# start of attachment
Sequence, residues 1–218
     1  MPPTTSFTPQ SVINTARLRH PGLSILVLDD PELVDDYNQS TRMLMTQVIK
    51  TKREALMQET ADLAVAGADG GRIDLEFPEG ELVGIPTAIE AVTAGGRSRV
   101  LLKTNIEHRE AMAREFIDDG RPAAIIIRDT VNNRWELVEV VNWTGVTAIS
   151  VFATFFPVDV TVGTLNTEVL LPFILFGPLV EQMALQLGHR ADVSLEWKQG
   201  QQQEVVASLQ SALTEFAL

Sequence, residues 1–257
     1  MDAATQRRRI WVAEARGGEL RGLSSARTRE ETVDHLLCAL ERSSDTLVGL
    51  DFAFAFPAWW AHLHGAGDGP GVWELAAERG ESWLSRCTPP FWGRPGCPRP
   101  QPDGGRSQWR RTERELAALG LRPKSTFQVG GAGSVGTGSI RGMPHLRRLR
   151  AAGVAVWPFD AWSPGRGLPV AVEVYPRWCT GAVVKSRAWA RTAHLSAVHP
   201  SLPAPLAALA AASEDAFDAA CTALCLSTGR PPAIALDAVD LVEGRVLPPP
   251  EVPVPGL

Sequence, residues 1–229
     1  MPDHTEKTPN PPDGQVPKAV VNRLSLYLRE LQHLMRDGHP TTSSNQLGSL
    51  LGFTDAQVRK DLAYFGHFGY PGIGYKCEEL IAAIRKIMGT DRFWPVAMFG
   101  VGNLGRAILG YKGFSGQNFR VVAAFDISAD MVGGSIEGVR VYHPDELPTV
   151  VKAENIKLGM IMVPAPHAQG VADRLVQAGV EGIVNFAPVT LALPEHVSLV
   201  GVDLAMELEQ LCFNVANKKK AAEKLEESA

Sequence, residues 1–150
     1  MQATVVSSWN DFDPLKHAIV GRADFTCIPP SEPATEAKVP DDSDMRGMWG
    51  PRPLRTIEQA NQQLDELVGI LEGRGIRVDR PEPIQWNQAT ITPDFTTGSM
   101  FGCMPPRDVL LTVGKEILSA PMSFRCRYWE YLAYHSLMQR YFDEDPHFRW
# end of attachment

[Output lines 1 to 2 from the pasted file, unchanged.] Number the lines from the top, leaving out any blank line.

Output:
Sequence, residues 1–218
     1  MPPTTSFTPQ SVINTARLRH PGLSILVLDD PELVDDYNQS TRMLMTQVIK